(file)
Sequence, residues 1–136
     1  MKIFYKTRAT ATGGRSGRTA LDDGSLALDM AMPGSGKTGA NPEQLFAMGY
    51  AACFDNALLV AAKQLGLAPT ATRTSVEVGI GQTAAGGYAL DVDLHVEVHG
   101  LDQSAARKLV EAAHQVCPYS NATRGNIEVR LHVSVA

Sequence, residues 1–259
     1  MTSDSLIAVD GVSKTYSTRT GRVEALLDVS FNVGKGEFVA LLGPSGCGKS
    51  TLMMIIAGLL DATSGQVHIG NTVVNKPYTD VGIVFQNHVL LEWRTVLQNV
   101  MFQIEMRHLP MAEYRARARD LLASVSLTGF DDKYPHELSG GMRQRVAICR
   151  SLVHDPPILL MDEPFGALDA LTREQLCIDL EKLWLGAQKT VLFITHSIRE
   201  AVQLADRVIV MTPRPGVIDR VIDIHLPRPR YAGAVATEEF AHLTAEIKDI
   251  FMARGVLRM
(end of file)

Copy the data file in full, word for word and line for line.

Sequence, residues 1–136
     1  MKIFYKTRAT ATGGRSGRTA LDDGSLALDM AMPGSGKTGA NPEQLFAMGY
    51  AACFDNALLV AAKQLGLAPT ATRTSVEVGI GQTAAGGYAL DVDLHVEVHG
   101  LDQSAARKLV EAAHQVCPYS NATRGNIEVR LHVSVA

Sequence, residues 1–259
     1  MTSDSLIAVD GVSKTYSTRT GRVEALLDVS FNVGKGEFVA LLGPSGCGKS
    51  TLMMIIAGLL DATSGQVHIG NTVVNKPYTD VGIVFQNHVL LEWRTVLQNV
   101  MFQIEMRHLP MAEYRARARD LLASVSLTGF DDKYPHELSG GMRQRVAICR
   151  SLVHDPPILL MDEPFGALDA LTREQLCIDL EKLWLGAQKT VLFITHSIRE
   201  AVQLADRVIV MTPRPGVIDR VIDIHLPRPR YAGAVATEEF AHLTAEIKDI
   251  FMARGVLRM